Figure 1. The Moneybox test is enclosed in a case when not in use and when opened the contents required for testing are revealed.
Materials and Methods
Eighty-five participants were recruited from the Cardiff HD research and management clinic between February 2016 and January 2017, from which 21 were gene-negative healthy controls (9 male) and 62 people were gene positive with HD (8 pre-manifest and 56 manifest; 38 male). The manifest group was further subdivided based on their UHDRS-Total functional capacity score (UHDRS-TFC) to form 4 groups (stage 1, TFC = 11–13 and TMS > 5; stage 2, TFC = 7–10; stage 3, TFC = 3–6; stage 4, 5 = 0–2). Participants in stages 4 and 5 were combined, forming the most advanced group. This was due to the lack of participants that were recruited in these stages. Ethical approval was obtained from South East Wales Research Ethics Committee (REC reference: 14/WA/1195). Inclusion criteria for the HD groups were (1) genetically confirmed diagnosis of HD; (2) over 18 years of age; (3) recruited onto Enroll-HD, which is a global observational study that provides researchers with access to non-identifiable clinical information (https://www.enroll-hd.org/). Exclusion criteria included an inability to provide informed consent and any comorbid condition that had the potential to confound the results of the study.
Specific criteria were established to guide the overall MBT development process (see Table 1).
The MBT procedure and the rating method is presented in Figure 2. The test items were carried out in the same order for each participant to ensure they could perform the baseline and the simpler tasks before proceeding to the more complex items. In addition, to minimize the floor, and ceiling effects, participants had to meet set criteria before proceeding to the more complex MBT items (described in Supplementary Material).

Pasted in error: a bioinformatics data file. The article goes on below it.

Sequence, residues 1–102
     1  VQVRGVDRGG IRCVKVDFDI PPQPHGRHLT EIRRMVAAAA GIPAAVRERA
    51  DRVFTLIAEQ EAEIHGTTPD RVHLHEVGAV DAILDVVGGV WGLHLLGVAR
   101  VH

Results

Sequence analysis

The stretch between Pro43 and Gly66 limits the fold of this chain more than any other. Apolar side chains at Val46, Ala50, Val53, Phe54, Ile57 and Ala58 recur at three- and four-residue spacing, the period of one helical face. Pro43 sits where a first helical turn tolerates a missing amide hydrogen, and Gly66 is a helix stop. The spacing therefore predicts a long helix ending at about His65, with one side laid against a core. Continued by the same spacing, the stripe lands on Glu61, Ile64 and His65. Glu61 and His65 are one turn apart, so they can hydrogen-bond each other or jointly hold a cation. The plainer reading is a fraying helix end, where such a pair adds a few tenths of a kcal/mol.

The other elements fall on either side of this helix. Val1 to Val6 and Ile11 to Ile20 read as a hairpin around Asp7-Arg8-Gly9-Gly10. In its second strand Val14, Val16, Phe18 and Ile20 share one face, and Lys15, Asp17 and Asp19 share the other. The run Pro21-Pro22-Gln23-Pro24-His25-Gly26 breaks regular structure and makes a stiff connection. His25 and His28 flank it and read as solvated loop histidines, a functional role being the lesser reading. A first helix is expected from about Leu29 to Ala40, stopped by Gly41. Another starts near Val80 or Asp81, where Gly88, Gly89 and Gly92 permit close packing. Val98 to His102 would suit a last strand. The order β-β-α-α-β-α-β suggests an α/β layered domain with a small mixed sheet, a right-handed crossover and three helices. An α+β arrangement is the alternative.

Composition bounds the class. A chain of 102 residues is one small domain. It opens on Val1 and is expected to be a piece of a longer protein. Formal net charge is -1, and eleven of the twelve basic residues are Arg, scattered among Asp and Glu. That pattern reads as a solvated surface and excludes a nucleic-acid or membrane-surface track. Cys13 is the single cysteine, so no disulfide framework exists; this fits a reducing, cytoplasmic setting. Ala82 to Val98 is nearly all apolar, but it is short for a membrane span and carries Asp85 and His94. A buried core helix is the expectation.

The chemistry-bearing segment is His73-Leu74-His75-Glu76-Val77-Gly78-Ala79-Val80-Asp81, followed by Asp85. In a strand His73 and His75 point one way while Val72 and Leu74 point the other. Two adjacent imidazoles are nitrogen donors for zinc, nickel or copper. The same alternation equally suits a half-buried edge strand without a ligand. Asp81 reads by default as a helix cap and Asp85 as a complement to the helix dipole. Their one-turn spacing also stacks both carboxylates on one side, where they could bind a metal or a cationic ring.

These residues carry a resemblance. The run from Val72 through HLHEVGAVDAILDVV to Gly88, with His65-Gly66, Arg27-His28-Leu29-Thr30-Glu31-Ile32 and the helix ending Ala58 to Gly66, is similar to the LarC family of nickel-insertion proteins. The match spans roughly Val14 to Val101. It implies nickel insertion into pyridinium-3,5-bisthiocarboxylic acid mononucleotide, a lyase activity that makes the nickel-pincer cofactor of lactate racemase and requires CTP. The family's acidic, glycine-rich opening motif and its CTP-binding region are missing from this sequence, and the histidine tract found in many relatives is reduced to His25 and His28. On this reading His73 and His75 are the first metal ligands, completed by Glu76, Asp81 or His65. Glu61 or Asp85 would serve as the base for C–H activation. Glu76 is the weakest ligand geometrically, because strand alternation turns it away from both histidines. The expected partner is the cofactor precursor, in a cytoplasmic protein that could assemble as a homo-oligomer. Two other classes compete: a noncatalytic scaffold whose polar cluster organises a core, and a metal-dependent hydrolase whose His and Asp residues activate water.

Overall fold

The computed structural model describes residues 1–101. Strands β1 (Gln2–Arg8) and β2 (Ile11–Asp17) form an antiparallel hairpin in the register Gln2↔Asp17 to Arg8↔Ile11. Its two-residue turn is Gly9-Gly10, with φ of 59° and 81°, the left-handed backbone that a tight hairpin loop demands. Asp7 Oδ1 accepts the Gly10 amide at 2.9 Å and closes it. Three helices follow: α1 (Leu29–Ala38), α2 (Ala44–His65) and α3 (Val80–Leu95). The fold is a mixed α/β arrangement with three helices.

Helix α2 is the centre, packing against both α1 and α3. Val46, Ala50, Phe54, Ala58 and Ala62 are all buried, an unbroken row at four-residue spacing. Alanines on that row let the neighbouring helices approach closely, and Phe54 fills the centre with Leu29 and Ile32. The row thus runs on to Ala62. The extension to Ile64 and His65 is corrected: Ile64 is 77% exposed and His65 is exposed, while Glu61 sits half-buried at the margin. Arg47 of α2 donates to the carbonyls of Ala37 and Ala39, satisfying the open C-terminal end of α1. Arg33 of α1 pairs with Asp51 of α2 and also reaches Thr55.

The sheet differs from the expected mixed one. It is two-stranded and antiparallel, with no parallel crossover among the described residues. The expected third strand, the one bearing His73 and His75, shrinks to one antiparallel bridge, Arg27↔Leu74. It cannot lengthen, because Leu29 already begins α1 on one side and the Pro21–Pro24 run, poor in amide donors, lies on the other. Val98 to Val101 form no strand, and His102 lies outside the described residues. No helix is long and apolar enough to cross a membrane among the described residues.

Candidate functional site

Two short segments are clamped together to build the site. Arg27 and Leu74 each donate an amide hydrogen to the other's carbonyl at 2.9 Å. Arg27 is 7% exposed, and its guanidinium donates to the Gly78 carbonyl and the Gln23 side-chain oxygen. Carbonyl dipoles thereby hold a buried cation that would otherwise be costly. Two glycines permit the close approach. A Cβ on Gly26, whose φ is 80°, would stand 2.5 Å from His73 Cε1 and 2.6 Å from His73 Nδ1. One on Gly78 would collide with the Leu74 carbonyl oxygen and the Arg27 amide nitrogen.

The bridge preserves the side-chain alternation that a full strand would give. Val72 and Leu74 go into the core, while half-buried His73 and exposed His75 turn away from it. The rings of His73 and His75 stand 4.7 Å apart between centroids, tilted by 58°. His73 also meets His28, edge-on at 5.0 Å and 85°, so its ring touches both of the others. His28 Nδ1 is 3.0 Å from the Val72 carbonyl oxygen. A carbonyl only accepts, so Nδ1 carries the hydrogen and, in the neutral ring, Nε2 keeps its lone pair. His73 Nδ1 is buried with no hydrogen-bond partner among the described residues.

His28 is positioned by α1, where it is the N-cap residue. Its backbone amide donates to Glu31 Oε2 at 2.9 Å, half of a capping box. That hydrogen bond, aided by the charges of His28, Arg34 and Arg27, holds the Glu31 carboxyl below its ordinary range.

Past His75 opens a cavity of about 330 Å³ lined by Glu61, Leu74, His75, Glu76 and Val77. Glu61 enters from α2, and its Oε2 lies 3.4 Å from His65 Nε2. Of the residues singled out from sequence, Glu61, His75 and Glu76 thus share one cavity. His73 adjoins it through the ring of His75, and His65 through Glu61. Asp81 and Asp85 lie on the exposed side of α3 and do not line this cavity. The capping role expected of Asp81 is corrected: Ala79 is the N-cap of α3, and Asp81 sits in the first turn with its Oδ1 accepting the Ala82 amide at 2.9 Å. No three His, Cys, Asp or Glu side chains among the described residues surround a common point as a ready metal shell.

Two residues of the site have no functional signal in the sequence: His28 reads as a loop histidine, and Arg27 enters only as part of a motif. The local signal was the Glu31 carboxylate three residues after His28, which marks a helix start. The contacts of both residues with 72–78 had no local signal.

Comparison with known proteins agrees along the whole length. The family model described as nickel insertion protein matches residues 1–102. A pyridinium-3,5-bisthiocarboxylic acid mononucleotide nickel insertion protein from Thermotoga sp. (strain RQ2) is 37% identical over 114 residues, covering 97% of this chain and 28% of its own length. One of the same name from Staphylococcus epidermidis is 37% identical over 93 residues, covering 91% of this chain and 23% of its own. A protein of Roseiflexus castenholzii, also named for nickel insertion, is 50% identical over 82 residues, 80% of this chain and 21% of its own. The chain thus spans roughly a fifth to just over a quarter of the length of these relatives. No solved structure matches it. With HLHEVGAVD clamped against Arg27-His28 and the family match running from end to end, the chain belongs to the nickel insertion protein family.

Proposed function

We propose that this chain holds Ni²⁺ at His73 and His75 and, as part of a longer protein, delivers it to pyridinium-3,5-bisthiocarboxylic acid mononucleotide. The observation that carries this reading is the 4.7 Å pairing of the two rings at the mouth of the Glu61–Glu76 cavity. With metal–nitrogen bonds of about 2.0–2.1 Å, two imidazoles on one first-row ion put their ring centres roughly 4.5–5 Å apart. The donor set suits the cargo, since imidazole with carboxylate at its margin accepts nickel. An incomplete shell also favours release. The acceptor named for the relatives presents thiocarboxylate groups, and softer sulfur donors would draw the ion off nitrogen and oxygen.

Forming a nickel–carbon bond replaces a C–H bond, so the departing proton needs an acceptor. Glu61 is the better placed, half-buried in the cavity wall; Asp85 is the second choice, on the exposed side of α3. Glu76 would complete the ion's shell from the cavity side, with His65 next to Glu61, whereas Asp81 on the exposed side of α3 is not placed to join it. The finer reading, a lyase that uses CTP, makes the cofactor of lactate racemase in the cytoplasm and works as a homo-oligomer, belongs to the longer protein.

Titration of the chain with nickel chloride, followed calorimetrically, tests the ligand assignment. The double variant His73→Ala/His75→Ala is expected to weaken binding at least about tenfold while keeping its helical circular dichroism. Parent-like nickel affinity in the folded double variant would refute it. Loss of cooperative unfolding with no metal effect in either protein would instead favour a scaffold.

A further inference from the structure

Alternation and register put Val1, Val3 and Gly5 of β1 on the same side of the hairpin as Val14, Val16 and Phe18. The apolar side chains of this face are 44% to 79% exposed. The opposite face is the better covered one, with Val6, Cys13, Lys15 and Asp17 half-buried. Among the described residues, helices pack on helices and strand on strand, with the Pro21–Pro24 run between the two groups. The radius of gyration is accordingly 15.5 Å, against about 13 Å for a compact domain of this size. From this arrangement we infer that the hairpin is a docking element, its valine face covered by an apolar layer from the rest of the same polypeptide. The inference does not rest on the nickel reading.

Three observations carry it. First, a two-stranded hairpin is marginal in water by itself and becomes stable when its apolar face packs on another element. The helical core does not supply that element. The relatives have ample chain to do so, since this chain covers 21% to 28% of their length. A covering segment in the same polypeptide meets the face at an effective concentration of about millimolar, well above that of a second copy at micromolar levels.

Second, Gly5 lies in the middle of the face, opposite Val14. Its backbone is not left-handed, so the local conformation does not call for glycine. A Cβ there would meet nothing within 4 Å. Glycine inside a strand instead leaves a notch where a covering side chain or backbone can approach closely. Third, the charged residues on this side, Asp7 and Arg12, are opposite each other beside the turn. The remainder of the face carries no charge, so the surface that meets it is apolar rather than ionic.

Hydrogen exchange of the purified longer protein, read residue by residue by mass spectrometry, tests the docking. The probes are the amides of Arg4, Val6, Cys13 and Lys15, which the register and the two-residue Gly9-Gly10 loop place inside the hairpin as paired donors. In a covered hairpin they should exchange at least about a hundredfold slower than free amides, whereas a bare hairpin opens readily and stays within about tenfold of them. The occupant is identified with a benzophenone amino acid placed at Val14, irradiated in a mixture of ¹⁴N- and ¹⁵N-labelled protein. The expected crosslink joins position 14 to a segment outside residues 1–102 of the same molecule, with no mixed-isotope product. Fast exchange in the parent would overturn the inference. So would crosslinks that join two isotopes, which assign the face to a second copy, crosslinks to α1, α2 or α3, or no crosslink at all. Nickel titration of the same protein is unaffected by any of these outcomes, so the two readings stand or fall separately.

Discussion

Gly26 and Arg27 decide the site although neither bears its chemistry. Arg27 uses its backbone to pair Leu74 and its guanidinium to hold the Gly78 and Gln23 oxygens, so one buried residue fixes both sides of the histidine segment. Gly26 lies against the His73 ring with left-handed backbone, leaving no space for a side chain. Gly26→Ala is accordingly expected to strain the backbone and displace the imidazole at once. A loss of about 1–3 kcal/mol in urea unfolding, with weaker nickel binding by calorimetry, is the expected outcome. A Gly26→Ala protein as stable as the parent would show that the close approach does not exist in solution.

Figure 2. The Moneybox test (MBT) procedure and rating method. The subject is required to pick up the tokens with their non-dominant hand (A), transfer to their dominant hand (B), and release it into a moneybox (C). The time (in seconds) taken to perform the transfer tasks, the accuracy (referring to any errors or dropped tokens made during the task) are recorded and used to calculate the MBT total score. The alphabet rate is the number of correct letters of the alphabet recited per second and used to compare alphabet baseline performance to alphabet performance during the Dual Transfer task.
Additional information accessed through Enroll-HD included demographic information (age, gender and education level), the assessments from the UHDRS-TMS, TFC, functional score, independence score, and cognitive tests (Verbal fluency, Stroop task (word and color naming) and the Symbol digit modalities test) (Kieburtz, 1996). The CAG disease burden score was calculated [(CAGn – 35.5)*Age] to estimate how close pre-manifest participants were to developing manifest symptoms (Penney et al., 1997). The apathy and executive function summaries from the Problem behavior assessment, a questionnaire used to assess the behavioral symptoms in people with HD, were recorded (Craufurd et al., 2001). The physical and mental summary scores from the Short form-12 were used to evaluate correlations with health related quality of life (Ware et al., 1996). The Late-life functional disability instrument, a questionnaire used to understand how much difficulty the participant has performing common daily activities, was used to provide a measure of construct validity (Haley et al., 2002).